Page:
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Going from 'coverage' to direct care
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Going from 'coverage' to direct care

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The 2015 legislative session is starting and crucial topics will be raised in the next few months. Few topics will be as crucial to the future of Oklahoma as the topic of health care.

Despite the implementation of the Affordable Care Act (ACA or "Obamacare"), health-care costs in Oklahoma are still increasing and consuming an ever greater share of family, business, and government budgets. The hassles of bureaucracy and middlemen, even on procedures where none is required, have made medical care so expensive and burdensome.

Furthermore, both patients and doctors feel like cogs in the system, nameless and lacking personalized attention. As everyone searches for innovative reforms to make high quality health care more attainable, it seems that Oklahoma may have found the solution.

Here, a growing number of doctors, employers, and patients are using direct care arrangements to ensure that they are affordably cared for and not just covered.

Direct care arrangements are the perfect solution for doctors who feel that the current approach to purchasing health care is not allowing them to provide patients with services they need.

These arrangements allow doctors to set a fee for monthly services or just a one-time fee for specific procedures. For onetime surgical procedures, direct care arrangements increase efficiency, at a lower cost for higher quality care, for all parties involved. All this provides health care for a predictable cost for both doctors and patients.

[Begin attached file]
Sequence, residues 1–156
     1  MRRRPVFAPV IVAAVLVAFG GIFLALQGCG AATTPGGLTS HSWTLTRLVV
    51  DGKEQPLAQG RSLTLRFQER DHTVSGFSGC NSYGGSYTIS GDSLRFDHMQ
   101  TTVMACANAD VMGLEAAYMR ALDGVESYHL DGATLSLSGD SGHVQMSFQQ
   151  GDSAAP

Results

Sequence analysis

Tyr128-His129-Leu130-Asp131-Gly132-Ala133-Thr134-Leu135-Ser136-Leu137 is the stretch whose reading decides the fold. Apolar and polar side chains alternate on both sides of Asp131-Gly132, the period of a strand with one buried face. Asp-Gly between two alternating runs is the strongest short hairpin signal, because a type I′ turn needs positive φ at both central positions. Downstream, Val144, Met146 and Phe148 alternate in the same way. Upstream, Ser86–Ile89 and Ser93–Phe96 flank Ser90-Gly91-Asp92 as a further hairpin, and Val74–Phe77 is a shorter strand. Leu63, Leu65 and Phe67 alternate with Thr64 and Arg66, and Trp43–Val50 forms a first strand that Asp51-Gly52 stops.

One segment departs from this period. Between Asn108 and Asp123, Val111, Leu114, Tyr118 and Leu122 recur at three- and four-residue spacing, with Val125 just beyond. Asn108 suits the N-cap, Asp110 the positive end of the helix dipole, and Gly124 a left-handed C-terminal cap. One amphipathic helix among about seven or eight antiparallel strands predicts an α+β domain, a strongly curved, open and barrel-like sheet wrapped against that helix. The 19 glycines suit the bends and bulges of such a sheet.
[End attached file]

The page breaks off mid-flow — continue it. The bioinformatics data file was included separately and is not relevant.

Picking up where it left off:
For patients specifically, direct care can help save thousands of dollars in deductible, co-pay, and other associated health-care costs.

Doctors in Oklahoma are now providing primary care services for a fee of just $50 a month, and both patients and doctors report significant satisfaction with these sorts of arrangements.

Patients can still keep their medical coverage, but instead chose to use it only when unplanned and higher cost medical needs arise. These arrangements facilitate what every medical practice needs — a direct relationship between the patient and the doctor. Moreover, this manageable process removes unnecessary bureaucracy and middlemen simplifying health care for the patient.

With so many clear benefits, direct care arrangements should be a common sense solution. But some are already attacking these arrangements, claiming that direct care arrangements should be regulated by state insurance departments. This would be an irrational violation of the relationship between doctors and patients. Such attacks on direct care arrangements must be stopped to protect affordable health services for all Oklahomans.

This is why we have proposed legislation that would protect the relationship between doctors, patients and employers, to allow them to continue to arrange freely the payment of :are without those arrangements being subject to state insurance regulation.

Many will have to agree to disagree about the ACA. But we believe all can support policies that protect the rights of patients and doctors and that make sure patients are cared for affordably and not just covered.

David Derby, a Republican, is a member of the Oklahoma House of Representatives from Owasso. Rob Standridge, a Republican, is a member of the Oklahoma Senate from Norman.

We have proposed legislation that would protect the relationship between doctors, patients and employers, to allow them to continue to arrange freely the payment of care without those arrangements being subject to state insurance regulation.

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